“It is a matter of climate justice that if we are asking nations to rapidly decarbonise their economies, even though they hold no responsibility for the excess emissions that are destabilising the climate, then they should be compensated for this unfair burden.”
- Dr. Andrew Fanning, Research and Data Analysis Lead, DEAL
A study published today in the scientific journal Nature Sustainability, co-authored by the DEAL Team's Andrew Fanning with Jason Hickel, argues that industrialised nations responsible for excessive levels of carbon dioxide emissions could be liable to pay a total of $170 trillion in compensation or reparations by 2050 to ensure climate change targets are met.
In the paper entitled, 'Compensation for atmospheric appropriation', the international team of researchers reveal that the $170 trillion amount, which is nearly $6 trillion per year or about 7% of annual global Gross Domestic Product (GDP), would be distributed as compensation to low-emitting countries that must decarbonise their economies far more rapidly than would otherwise be required.
Financial redress for the losses and damages that climate-vulnerable countries face due to the excessive CO2 emissions of others is seen as an increasingly important part of international climate change negotiations. Delegates at the COP 27 talks in Egypt last year agreed to establish a Loss and Damage Fund for countries affected by climate change. It is the first scheme where countries historically responsible for excessive CO2 emissions are held liable to fund compensation.
Levels of compensation
According to the study, the UK could be liable to pay $7.7 trillion for excessive CO2 emissions over the period to 2050 – that is equivalent to an annual payment of nearly $3,500 per capita each year until 2050.
The US could be liable to pay $80 trillion over the period or an annual per capita payment of more than $7,200 until 2050.
India historically has been a low carbon emitter and could be entitled to receive compensation of $57 trillion, or nearly $1,200 per capita each year until 2050.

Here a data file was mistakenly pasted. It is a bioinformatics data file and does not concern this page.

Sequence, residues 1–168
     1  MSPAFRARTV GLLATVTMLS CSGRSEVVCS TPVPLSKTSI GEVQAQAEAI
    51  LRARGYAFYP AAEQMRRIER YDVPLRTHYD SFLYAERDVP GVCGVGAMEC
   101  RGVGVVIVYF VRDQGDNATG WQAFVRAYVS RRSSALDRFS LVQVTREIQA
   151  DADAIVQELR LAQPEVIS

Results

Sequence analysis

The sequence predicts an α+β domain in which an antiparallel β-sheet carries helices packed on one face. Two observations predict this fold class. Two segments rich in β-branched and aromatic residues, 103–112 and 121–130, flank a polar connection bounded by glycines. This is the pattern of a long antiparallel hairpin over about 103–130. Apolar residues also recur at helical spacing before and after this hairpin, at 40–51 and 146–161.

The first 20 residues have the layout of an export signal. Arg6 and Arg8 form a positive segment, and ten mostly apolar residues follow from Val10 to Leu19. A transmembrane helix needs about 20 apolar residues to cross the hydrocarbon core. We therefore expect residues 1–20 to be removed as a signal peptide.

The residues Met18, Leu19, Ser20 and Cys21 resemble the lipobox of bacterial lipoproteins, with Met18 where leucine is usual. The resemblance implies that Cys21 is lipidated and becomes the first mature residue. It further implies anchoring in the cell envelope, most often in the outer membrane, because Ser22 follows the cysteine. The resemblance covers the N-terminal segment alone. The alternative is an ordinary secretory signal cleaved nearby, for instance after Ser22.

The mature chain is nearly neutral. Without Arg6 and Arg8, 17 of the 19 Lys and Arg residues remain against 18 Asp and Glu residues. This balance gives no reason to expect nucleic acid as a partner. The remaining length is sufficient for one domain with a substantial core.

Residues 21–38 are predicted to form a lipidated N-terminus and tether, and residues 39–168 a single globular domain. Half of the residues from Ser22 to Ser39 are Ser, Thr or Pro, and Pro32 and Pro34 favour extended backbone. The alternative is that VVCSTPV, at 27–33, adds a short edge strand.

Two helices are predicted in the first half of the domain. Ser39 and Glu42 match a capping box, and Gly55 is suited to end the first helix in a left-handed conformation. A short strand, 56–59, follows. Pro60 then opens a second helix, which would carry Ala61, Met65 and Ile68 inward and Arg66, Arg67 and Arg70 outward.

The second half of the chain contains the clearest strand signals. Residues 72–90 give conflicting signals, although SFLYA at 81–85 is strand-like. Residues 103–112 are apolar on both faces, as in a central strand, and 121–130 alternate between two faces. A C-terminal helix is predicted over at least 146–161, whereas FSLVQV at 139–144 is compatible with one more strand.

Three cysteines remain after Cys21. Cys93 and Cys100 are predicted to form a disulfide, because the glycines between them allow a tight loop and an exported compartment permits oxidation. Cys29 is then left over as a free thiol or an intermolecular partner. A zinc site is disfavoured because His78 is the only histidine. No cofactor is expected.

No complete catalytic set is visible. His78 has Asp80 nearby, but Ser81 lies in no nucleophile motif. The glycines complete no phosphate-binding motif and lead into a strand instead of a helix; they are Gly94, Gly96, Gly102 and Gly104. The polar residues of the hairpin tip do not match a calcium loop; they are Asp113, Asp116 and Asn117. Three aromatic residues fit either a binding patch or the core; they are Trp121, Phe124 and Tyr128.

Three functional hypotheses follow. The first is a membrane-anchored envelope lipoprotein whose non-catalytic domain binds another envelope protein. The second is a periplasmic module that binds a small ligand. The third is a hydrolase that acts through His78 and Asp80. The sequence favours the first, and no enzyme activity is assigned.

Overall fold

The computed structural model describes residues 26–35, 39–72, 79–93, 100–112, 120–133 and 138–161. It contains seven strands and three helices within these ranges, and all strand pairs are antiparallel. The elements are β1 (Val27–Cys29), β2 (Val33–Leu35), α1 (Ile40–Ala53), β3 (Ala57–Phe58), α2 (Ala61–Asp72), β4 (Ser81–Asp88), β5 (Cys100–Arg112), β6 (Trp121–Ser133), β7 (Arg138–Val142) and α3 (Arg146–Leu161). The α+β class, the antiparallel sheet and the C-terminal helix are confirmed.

Evidence-based system for assessing losses
The compensation system is based on the idea that the atmosphere is a commons, a natural resource for everyone to use equitably and sustainably.
To set a monetary value on the losses incurred by low-carbon emitting countries, the researchers first obtained the most recent remaining global ‘carbon budgets’ estimated by the Intergovernmental Panel on Climate Change (IPCC).
The researchers then calculated an equality-based ‘fair share’ of that total carbon budget for 168 countries, based on population size. They compared each country’s fair share allocation against how much CO2 that country has released historically from 1960, together with an ambitious scenario where it decarbonises from current levels to ‘net zero’ by 2050.
Some countries were within their fair share allocation, while others, most notably the industrialised nations of the global North, have already significantly overshot their allocation - in effect, appropriating other countries’ fair shares of the atmospheric commons.
For example, the UK has used 2.5 times its fair share - and the US has used more than four times its fair share. India, on the other hand, has used just under one quarter of its fair share.
Pricing the losses faced by low-emitting countries
Using carbon prices from the latest IPCC scenarios, the researchers were able to put a monetary value on each country’s excess emissions in a world that respects the 1.5-degree climate target.
That total figure was $192 trillion (within a range of between $141 trillion and $298 trillion), with the global North responsible for 89%, or $170 trillion, and the remainder from high-emitting countries in the global South, especially the oil-producing states, such as Saudi Arabia and United Arab Emirates.
Under the scheme, that money would be divided among the low carbon-emitting countries based on how much of their fair share allocation they would lose.
The researchers have also developed an interactive website which allows people to explore which countries could be entitled to receive compensation and how much, and which countries could be liable to pay.
Have you read the study and checked out the interactive website and still want more? Keep watching this space, we'll be updating it and our socials of upcoming events exploring this important topic.
Read the study:
Fanning, A.L. and Hickel, J. (2023). Compensation for atmospheric appropriation. Nature Sustainability (in press). https://doi.org/10.1038/s41893-023-01130-8.
Explore the interactive webpage:
Study finds wealthy nations responsible for 74% of global ecological damage
Photo credit: Photo by Markus Spiske on Unsplash
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